by Tony Wan, Head of Investor Content
Art brings math to life, and vice versa. Of the thousands of stories I’ve filed as a former journalist, one of the most delightful has been Desmos’ student art contest. The creativity and complexity of the submissions — with every line, curve, shade and highlight represented by an equation — is testament to the brilliance of students, empowered by top-notch technology.
It underscores how math can embody and exude joy, a feeling that is shared across the many tools, activities and vibrant user communities that Desmos has built since its start in 2011. Along the way, the company has consistently pushed the boundaries of what a graphing calculator can do, of what math is, and how it can be taught, experienced and enjoyed.
As Desmos CEO and co-founder Eli Luberoff said at the time: “We believe that the line between math, arts and humanities is a lot blurrier than what most people make it out to be. Math isn’t just the regurgitation of formulas. It can be about expression and creativity, and we want to give students every opportunity to create things using math.”
The company began with a simple, equitable premise: to eliminate the need for students to fork out hundreds of dollars for graphing calculators. That was the genesis of the calculator, now a universally accessible tool reaching tens of millions of students. It’s been translated into over 30 languages, works with screen readers and braille displays, and is embedded in content from over 75 leading education publishers and test makers including The College Board and The International Baccalaureate.
To that objective, sales of graphing calculators are reportedly on the decline, on order of 15% annually.
But Desmos’ vision extends far beyond displacing graphing calculators. Its mission is to help everyone love learning math, and to do that, it is changing how math is taught. That means encouraging inquiry, experimentation and reflection, instead of rote drilling and abstract problems solving for x. With a team of instructional designers and educators, including Chief Academic Officer Dan Meyer, a renowned math researcher and former teacher, Desmos created a library of fun, interactive activities and lesson plans that leveraged its calculator as a creative canvas. (Turtle Crossing and Marbleslides are among my favorites.)
In 2018, that effort evolved into a more ambitious undertaking: to remake the math curriculum. It’s not a business for the faint of heart. But the company has fused its technology, design and pedagogy into a core, middle-school math curriculum currently used by more than 300,000 students across 46 states and 14 countries.
Its growth comes at a time when digital instructional materials have convincingly overtaken print (finally). And to take its curriculum to the next level, Desmos is joining forces with an emerging leader in the K-12 edtech industry.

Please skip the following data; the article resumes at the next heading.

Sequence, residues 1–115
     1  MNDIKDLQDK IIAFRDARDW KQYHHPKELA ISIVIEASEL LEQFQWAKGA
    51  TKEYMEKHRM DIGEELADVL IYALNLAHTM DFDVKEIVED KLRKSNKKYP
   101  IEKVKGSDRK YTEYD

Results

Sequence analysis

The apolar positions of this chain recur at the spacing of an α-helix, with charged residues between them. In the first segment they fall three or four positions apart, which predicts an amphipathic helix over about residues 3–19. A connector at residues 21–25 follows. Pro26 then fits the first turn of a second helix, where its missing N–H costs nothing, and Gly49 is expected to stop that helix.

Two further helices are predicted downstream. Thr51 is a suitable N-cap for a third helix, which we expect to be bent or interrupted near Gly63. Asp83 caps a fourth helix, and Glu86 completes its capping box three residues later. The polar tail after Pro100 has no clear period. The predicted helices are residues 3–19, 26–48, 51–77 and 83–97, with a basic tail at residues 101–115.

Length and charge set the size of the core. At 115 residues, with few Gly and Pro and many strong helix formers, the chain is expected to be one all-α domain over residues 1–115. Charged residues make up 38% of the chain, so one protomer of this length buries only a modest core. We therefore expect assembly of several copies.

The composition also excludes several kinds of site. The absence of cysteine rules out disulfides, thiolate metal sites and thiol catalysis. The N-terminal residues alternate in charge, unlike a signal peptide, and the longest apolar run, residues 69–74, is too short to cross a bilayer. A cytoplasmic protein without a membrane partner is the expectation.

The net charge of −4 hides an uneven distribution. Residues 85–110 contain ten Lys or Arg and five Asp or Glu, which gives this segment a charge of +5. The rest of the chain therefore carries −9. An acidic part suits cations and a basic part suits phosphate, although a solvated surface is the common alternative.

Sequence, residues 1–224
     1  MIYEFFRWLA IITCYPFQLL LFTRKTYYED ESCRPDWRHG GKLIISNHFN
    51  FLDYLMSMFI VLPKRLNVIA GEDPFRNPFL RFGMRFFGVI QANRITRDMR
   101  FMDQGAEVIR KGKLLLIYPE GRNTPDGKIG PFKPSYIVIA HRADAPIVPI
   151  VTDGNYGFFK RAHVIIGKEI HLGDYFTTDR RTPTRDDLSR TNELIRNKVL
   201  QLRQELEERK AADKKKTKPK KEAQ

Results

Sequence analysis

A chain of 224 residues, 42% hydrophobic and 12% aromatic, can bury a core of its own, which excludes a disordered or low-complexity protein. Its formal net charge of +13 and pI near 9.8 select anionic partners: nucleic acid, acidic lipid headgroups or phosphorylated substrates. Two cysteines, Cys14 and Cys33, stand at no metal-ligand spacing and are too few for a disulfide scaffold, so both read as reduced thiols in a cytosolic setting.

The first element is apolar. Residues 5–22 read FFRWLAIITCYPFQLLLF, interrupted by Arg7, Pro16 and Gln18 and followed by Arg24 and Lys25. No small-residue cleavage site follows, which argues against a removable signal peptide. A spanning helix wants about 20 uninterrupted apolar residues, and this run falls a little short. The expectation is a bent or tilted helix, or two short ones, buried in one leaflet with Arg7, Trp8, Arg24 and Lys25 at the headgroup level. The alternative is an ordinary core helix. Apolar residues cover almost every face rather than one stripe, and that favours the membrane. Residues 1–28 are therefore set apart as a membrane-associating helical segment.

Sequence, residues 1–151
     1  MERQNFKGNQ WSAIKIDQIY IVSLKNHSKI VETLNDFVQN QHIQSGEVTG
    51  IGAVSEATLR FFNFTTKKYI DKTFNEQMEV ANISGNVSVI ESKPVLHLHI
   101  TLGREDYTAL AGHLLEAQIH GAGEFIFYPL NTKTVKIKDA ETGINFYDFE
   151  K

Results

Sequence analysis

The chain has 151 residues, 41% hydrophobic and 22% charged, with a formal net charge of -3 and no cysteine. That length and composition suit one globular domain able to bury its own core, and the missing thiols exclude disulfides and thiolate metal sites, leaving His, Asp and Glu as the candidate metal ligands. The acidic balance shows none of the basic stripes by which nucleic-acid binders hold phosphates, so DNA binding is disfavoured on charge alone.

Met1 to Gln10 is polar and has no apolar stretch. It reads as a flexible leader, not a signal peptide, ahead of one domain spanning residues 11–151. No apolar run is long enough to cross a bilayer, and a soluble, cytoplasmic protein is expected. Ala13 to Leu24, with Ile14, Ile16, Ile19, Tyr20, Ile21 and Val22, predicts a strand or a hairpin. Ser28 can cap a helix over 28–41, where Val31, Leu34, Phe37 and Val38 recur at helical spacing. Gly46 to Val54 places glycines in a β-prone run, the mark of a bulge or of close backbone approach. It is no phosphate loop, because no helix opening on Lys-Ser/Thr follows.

Today, Desmos is announcing the sale of its curriculum and instructional technology to Amplify, a partner it has known well over the years through the integration of Desmos’s calculators and lesson technology. Together, they will continue to build immersive, impactful math curricula, supported by resources to make them accessible to many more teachers and students across the U.S. Under Amplify CEO Larry Berger, one of the most respected voices and experienced leaders in edtech, many exciting opportunities lie ahead to leverage Desmos’ technology not just to other math grades, but also to science, literacy and many other subjects.
Throughout Desmos’ growth and expansion, what has never wavered is its uncompromising dedication to rigor and quality. That is ingrained in the DNA of a humble team that truly loves and geeks out on math, and celebrates educators and students who, in turn, are its biggest champions. It’s not uncommon to see artwork created on Desmos appear on TikTok feeds or the front page of Reddit.
Desmos is an exemplar of growth driven by product and community; the headlines and capital later followed. At Reach, we consider ourselves incredibly fortunate to be their largest investor, and to have had the pleasure of working closely with Eli, Eric and the team. Jim Lobdell and Jennifer Carolan served on the Board. Meetings were held in their office atop a motorcycle shop in San Francisco. Between cycles of revving engines, we spent much of our time discussing the curriculum build-out: how to make the development process more efficient while still meeting exacting quality standards; how to position it in the market; and how to make an inquiry-based, conceptual approach to teaching math welcoming to teachers.
Along the way, we saw how each person at Desmos was deeply committed to building tools and curriculum the world has never seen before — ones that would allow students not only to understand math, but love learning about it. This commitment can be seen in the elegance and versatility of its graphing calculator, the magic of the playful animations that hook students to care about otherwise abstract math concepts, and the careful lengths to which the Desmos team goes to support teachers.
The Desmos calculator will remain as an independent Public Benefit Corporation — Desmos Studio — and continue to be led by Eli. All of the Desmos resources that are free today — graphing calculators, lesson-building tools, and lessons — will remain free, whether owned by Amplify or Desmos Studio, and more free tools and features will be added. More details about the curriculum and calculator are available in this blog post from Desmos.